By Jasmine Banks
Imagine someone who has dedicated their life work to calling out the violence of corporal punishment in the Black community. Imagine that they, as a former foster youth, redeems their experiences with child abuse into award-winning writing and journalism. They are hailed as a child advocate whose clarion call has been sorely missing in the discourse around violence and Black childhood. Now imagine that despite all of this work, they still repeatedly reinforce violence against the children who are the most harmed by interpersonal violence.
Dr. Stacey Patton is that award-winning journalist and former foster youth turned child advocate. She is the author of Spare the Kids, an important book full of insights about how the Black community must recognize the conditions we create (and those we embrace as a product of internalized white supremacy) that lead us to choose violence against our children in the name of discipline. After Dr. Stacey Patton’s very public internet display of cisgender violence under the guise of intellectual debate around trans womanhood, one must ask: When we talk about protecting Black children, what about Black transgender children? You cannot be a child advocate and be anti-trans. Trans women were once trans girls, children, who find themselves at a much greater risk of violence and harm than cis children.
If we are talking about children and the physical violence against them, we are being irresponsible if we do not also address the beliefs and conditions we create that contribute to pathways of violence and the justification of physical harm against children.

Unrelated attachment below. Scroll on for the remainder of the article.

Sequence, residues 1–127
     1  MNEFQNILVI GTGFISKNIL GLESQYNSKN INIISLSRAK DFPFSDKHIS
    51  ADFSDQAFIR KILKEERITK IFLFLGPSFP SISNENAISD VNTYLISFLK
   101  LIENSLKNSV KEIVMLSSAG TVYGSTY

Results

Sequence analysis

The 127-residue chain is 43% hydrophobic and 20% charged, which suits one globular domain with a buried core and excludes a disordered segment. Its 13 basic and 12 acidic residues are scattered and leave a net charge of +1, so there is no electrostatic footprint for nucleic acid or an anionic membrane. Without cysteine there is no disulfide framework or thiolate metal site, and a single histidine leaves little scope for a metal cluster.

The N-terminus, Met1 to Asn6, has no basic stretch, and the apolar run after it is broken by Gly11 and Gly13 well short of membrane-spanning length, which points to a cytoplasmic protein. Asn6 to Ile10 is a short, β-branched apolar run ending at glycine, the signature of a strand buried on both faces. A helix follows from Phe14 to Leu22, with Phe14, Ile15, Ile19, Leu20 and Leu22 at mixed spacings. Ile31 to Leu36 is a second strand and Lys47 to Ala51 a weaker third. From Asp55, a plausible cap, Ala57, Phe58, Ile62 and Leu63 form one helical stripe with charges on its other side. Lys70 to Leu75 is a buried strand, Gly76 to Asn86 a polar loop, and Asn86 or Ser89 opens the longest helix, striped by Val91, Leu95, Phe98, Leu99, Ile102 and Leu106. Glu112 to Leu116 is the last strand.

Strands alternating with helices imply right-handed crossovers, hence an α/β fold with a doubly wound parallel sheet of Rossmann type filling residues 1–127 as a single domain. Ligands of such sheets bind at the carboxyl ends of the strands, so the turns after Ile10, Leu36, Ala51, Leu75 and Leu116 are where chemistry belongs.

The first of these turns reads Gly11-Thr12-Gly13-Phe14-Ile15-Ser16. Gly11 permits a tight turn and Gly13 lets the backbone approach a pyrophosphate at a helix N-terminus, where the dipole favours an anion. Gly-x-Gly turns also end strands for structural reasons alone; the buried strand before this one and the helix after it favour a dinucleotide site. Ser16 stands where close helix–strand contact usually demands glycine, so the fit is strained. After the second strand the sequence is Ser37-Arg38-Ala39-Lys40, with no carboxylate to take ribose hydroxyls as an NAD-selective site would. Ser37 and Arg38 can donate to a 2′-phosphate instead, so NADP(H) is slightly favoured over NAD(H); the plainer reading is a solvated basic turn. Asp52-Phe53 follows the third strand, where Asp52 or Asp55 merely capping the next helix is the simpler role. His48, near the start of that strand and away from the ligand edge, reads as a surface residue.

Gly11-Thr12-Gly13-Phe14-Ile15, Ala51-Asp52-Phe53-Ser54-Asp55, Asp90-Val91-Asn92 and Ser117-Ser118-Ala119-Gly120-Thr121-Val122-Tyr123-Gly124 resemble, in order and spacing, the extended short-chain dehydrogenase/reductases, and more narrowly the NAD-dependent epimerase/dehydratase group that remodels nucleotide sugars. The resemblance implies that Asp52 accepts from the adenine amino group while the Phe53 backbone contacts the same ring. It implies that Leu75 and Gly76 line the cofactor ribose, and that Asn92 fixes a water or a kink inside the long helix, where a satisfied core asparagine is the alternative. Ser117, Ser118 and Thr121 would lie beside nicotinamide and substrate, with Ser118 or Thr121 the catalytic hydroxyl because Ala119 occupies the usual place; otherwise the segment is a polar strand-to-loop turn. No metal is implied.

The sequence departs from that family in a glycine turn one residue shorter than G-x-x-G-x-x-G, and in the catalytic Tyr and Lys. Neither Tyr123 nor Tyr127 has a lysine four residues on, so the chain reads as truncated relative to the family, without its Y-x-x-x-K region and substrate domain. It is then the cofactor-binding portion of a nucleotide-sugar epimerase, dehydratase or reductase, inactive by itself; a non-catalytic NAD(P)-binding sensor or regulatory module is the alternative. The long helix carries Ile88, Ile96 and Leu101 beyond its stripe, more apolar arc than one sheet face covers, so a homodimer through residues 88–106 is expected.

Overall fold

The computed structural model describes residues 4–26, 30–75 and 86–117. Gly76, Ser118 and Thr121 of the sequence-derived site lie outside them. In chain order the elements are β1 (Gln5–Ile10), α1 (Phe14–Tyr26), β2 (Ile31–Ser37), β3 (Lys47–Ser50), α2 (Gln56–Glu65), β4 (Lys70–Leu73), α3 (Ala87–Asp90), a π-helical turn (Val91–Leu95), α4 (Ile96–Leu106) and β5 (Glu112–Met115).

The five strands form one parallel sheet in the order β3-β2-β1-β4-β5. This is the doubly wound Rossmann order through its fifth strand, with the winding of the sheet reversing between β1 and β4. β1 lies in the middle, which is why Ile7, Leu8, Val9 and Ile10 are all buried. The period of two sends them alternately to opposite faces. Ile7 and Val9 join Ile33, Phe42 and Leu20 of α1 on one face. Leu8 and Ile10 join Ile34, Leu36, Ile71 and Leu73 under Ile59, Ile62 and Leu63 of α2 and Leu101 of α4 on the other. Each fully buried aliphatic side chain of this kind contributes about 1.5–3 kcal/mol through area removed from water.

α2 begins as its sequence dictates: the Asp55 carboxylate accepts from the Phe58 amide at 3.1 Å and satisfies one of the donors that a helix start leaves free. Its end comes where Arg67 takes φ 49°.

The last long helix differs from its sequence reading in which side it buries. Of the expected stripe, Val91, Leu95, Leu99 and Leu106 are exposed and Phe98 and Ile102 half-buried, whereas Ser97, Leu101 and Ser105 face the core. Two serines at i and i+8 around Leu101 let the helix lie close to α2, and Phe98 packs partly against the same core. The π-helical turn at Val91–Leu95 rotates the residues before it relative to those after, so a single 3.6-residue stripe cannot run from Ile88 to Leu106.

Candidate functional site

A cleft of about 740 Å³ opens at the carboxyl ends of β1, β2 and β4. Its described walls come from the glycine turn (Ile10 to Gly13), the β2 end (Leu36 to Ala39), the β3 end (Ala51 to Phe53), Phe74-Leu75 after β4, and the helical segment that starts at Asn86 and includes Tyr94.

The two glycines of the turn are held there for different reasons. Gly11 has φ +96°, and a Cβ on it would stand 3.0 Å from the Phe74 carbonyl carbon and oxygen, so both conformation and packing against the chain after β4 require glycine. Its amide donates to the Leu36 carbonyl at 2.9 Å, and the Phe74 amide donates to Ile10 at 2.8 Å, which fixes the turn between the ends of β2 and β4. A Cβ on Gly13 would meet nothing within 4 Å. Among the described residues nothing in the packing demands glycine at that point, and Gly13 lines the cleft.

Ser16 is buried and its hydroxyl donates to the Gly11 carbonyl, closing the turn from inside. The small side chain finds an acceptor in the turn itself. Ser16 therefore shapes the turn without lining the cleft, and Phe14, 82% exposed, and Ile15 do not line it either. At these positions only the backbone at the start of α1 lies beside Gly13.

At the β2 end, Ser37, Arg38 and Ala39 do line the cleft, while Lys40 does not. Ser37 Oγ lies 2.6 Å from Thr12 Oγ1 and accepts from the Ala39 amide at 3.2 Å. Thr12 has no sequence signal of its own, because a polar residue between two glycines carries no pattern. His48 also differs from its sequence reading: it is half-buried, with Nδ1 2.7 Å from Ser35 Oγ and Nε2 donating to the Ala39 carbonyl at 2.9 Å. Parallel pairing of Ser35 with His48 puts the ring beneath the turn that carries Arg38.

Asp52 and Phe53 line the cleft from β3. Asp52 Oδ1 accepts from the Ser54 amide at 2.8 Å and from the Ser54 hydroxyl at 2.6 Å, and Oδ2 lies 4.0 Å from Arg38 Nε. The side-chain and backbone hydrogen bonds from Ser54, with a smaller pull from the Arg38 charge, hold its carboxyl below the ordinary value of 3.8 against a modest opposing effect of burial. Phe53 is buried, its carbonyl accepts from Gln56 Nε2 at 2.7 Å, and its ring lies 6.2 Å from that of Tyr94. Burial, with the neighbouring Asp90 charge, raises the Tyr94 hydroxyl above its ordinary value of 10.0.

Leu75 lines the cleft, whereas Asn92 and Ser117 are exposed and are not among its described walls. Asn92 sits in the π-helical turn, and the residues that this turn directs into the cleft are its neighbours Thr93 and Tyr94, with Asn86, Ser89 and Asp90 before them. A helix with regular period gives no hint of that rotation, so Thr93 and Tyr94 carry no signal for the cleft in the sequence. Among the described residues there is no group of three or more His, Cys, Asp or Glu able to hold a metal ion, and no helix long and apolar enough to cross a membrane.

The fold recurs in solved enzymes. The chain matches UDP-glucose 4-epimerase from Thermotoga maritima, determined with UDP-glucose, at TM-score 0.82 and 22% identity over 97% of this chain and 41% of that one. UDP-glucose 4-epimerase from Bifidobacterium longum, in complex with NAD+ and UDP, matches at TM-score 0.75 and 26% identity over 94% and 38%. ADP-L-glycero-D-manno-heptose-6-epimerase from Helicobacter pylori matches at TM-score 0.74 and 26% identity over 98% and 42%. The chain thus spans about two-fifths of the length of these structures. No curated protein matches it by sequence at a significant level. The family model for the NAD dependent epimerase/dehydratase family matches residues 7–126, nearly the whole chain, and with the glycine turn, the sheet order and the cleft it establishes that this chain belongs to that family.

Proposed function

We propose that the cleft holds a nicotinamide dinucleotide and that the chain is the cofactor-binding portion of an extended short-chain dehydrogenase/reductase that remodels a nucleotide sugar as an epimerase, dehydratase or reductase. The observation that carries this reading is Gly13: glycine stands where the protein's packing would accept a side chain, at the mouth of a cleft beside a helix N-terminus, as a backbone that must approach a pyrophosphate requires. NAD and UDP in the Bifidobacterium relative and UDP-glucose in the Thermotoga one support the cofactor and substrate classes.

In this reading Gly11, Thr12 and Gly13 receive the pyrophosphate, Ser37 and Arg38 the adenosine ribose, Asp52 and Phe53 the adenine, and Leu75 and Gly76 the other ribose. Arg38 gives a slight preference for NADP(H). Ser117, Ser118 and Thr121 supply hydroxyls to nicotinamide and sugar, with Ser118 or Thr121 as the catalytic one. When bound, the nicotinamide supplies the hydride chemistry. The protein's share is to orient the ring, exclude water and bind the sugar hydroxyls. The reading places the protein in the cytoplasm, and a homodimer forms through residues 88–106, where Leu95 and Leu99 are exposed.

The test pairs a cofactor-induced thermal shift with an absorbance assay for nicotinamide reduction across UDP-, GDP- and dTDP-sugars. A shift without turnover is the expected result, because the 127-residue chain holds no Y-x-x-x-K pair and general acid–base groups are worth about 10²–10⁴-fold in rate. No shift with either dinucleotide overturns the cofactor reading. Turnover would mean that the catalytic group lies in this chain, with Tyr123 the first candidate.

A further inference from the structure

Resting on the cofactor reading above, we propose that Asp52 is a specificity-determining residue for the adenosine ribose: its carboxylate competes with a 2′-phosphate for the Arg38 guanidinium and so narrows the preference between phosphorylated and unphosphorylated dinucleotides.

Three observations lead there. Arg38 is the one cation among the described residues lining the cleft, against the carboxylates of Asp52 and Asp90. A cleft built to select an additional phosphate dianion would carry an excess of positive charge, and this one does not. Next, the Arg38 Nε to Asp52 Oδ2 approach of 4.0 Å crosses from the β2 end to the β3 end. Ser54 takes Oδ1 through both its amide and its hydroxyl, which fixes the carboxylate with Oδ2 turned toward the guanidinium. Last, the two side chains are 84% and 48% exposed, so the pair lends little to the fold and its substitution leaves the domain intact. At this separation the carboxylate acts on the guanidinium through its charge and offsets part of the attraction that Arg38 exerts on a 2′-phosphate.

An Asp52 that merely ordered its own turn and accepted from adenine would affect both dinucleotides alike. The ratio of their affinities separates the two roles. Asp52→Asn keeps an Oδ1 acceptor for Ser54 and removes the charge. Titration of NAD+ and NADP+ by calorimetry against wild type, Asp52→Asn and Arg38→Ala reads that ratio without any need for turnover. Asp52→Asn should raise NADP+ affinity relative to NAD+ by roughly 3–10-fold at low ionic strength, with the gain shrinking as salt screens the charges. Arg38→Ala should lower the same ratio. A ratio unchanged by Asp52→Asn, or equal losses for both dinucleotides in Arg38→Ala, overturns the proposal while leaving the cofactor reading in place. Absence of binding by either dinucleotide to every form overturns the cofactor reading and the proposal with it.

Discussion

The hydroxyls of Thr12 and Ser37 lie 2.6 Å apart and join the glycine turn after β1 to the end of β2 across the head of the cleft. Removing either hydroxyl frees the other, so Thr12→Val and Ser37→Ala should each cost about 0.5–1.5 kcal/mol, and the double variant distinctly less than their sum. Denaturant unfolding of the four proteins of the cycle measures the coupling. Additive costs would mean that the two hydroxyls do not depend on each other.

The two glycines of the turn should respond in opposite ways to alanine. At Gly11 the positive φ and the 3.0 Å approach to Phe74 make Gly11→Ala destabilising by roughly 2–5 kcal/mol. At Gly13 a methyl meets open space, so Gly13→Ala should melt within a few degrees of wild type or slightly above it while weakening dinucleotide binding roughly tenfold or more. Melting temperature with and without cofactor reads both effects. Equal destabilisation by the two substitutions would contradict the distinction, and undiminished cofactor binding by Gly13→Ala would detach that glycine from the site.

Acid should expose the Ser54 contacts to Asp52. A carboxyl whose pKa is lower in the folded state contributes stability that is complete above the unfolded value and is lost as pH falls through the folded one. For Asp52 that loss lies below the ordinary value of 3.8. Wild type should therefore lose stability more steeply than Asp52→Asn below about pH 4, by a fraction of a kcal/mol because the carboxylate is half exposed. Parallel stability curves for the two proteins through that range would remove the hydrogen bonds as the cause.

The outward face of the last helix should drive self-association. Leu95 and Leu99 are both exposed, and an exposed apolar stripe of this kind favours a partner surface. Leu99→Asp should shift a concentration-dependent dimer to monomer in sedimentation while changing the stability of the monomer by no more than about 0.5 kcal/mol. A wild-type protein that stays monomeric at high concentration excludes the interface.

Professor Kimberlé Williams Crenshaw’s pioneering work establishing the often co-opted term “intersectionality” and the analysis therein applies here. If we think about a Black trans girl in an anti-Black white supremacist heteropatriarchal society, her multiple and interacting vulnerabilities make her a unique target for the systemic transmisogynistic violence inherent in our society. Imagine still if she were disabled, a Muslim, or an immigrant, and the many hurdles she would have to overcome just to make it to womanhood. So when talk about transgender women, we cannot do so without talking about the violence against trans girls.
Transgender children are at much higher risk for mental illness, risk of suicide, homelessness, and all the other harm that goes along with trying to survive a world bent on their destruction. The trauma symptoms of children exposed to domestic violence and corporal punishment are amplified in trans children who are already grappling with concepts of gender, identity, and personhood without the same social resources available to their cishet peers.
Their suffering is magnified and public health and the educational system do very little to prioritize their needs. Nearly 46 percent of transgender youth attempt suicide. At school and at home, transphobia and discrimination are mounted against the dignity and well-being of trans children, resulting in a lack of safe spaces. These realities make our conversations around trans identity all the more pressing and in need of deep accountability.
Conversations like those Dr. Stacey Patton claimed to “start” about trans women contribute to conditions where one may feel justified in physical harm toward a trans child. By putting trans women’s personhood up for debate, Patton contributes to transphobia and that leads to violence against Black trans people and, without a doubt, Black trans children.
Often we are building pathways to violence toward children without recognizing that we are doing so. If we are truly heeding Patton’s call to Spare the Kids, we must include transgender children and do better to navigate conversations where the difference between life and death for trans folks is in the worlds that we build with our words.
Jasmine Banks is a Black queer feminist living in Arkansas. She is a licensed mental health professional, maternal mental health activist, and national digital campaigner for NARAL Pro-Choice America. Twitter: @djazzo